IT IS not new to Church Times readers that the relationship between sexual identity and faith is not only complex, but also fraught with pain, hatred, and fear. Unorthodox does not offer an academic approach to the topic. Instead, 12 British people, including a transgender Anglican priest, a bisexual Hindu, a Muslim gay man, and a transsexual Jewish woman, tell their stories with a bold mixture of sorrow, shame, hope, and joy.
It is astonishing to realise that, although each chapter is utterly unique, they share so many patterns: the exitus and reditus of the divine, the conflicting burden of shame, the fear of judgement from their community, resistance from families, and the tireless search for self-understanding. Holding these patterns together is the wish to love and be loved.
In his introduction, Séan Richardson suggests that those whom he interviewed “lay claim to faith”. It is very well put, as we see, throughout, the harmful struggle to find a way of living with paradox which LGBT+ people living with faith have to bear. Each journey points to Jacob’s disjointing a hip through his wrestling with God. They know the cost of belief; their honesty about their sexual identity creates stumbling-blocks along each path.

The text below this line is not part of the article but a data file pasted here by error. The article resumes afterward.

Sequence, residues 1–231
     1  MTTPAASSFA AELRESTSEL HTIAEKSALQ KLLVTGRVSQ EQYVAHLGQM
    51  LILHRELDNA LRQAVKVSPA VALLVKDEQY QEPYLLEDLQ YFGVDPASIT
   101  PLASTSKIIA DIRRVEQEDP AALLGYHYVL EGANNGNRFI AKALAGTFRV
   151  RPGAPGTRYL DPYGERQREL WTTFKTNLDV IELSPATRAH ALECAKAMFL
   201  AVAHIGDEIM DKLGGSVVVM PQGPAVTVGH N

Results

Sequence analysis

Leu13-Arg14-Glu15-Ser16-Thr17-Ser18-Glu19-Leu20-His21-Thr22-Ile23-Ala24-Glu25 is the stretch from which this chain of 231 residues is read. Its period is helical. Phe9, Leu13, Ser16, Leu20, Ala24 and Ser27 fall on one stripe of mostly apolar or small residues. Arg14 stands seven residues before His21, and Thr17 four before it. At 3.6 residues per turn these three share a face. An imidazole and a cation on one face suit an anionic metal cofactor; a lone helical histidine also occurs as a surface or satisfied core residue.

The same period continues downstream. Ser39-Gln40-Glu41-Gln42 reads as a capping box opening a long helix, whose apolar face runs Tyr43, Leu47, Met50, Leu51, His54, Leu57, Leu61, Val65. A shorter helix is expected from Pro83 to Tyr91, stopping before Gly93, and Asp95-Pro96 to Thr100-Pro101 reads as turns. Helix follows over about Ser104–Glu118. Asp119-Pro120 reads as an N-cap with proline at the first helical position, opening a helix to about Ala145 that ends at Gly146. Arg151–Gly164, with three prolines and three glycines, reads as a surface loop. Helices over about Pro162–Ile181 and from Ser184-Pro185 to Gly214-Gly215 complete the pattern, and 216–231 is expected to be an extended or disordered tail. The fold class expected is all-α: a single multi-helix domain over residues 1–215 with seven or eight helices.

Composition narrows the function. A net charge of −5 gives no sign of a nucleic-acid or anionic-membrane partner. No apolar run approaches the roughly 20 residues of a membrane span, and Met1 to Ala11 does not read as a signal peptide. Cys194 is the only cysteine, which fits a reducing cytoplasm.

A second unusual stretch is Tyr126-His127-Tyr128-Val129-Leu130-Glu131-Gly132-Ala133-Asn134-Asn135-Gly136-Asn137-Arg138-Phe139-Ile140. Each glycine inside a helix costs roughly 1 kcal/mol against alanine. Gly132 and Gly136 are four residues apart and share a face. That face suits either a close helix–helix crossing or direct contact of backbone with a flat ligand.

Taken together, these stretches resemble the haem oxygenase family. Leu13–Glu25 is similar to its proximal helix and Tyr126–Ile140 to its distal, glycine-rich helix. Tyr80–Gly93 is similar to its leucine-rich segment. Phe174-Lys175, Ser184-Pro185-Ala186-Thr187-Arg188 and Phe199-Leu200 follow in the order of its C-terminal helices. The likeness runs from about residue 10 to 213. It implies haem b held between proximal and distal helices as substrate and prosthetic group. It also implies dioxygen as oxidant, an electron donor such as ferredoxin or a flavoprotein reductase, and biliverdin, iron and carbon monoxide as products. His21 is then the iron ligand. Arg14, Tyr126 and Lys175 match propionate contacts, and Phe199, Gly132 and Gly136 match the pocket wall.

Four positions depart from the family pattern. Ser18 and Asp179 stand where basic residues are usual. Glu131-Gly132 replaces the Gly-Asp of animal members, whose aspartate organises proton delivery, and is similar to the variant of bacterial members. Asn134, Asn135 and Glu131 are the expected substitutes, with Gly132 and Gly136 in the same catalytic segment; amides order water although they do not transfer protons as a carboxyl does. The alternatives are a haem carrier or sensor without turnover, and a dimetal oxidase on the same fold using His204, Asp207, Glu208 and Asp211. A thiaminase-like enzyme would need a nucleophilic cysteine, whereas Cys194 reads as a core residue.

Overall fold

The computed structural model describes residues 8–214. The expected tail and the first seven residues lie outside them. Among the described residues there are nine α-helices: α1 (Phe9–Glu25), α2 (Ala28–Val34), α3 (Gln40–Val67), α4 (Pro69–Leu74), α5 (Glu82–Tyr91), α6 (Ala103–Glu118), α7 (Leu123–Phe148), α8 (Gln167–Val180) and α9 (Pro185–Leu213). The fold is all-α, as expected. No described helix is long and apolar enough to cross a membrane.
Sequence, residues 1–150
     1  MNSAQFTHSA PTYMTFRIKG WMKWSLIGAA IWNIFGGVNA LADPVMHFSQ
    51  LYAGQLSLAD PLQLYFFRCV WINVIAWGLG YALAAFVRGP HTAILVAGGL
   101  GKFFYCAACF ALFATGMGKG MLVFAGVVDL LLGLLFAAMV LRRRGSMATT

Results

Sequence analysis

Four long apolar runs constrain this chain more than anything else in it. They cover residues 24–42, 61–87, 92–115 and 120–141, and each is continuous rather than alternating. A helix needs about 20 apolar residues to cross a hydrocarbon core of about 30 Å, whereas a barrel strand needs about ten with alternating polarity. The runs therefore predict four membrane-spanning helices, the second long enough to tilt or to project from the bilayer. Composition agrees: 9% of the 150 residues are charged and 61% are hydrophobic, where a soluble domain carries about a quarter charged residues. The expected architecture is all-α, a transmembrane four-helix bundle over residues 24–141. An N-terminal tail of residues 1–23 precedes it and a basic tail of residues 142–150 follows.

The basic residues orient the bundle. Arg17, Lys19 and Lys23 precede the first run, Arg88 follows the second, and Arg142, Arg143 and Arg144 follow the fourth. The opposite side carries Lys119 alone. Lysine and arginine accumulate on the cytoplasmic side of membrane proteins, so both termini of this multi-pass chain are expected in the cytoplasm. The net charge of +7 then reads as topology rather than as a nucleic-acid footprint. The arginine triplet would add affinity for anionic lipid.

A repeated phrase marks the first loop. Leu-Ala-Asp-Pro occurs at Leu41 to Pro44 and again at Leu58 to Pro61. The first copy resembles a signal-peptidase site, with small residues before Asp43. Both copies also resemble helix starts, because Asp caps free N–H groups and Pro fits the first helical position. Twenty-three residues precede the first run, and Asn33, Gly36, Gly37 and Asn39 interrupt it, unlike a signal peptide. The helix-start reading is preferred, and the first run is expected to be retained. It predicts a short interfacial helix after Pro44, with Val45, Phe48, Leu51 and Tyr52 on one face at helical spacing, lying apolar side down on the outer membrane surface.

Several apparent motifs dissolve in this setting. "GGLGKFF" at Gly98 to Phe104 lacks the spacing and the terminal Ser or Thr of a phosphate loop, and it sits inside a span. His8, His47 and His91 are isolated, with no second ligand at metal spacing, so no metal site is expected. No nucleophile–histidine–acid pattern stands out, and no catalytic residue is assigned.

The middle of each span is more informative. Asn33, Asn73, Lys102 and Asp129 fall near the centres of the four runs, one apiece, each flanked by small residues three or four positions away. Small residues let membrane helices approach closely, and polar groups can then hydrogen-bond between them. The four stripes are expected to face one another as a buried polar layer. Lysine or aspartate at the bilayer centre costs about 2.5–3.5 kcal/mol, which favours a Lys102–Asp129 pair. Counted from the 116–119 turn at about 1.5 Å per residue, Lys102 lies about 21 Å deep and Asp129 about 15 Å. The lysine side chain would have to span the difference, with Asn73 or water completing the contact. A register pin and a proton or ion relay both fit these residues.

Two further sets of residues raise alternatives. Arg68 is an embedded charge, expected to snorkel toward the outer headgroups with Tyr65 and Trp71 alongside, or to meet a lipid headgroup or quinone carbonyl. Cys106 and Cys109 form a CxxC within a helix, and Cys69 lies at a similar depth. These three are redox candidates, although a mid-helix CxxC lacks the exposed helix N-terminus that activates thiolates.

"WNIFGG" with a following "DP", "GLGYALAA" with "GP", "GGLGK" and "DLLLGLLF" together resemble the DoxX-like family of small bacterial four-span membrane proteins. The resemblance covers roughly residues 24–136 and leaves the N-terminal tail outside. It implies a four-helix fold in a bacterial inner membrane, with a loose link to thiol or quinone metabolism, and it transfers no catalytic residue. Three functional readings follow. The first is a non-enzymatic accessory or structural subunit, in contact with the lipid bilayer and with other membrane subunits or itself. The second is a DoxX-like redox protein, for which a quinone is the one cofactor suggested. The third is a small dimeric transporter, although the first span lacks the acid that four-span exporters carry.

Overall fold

The Revd Rachel Mann’s account sets the bar high: she writes with clear-eyed acuity about her religious conversion, which turned her life off course. Her reflections on vocation and priesthood should be required reading for ordinands and weary clergy: Mann’s struggle to be honest about her gender is reflected in her struggle to be a faithful priest, and these synergies are probably pertinent to us all.
Another highlight is Khakan Qureshi, who expresses the delight that he now takes in reading the Qur’an in context, and the joy of eventual reconciliation with his father. With pathos and poetry, Mr Ekow, a Ghanaian rapper from Croydon, raised as an Evangelical Christian, describes with haunting words the work that he has done to salvage his faith, his family, and himself in his journey of reconciliation. His chapter, “No Man’s Land”, begins with his own lyrics:
Caught between the Rock and a
Feels like I lose no matter what I
I’ve tried and tried
I’ve tried and cried
I’ve lost my mind
This book may be slim, but has the potential to make a weighty impact for all people of all faiths.
The Revd Jennie Hogan is Chaplain of Goodenough College, London, and associate priest at St George’s, Bloomsbury. She is the author of This Is My Body (Canterbury Press, 2017).
Unorthodox: LGBT+ identity and faith
Séan Richardson, editor
Five Leaves Publications £7.99
Church Times Bookshop £7.20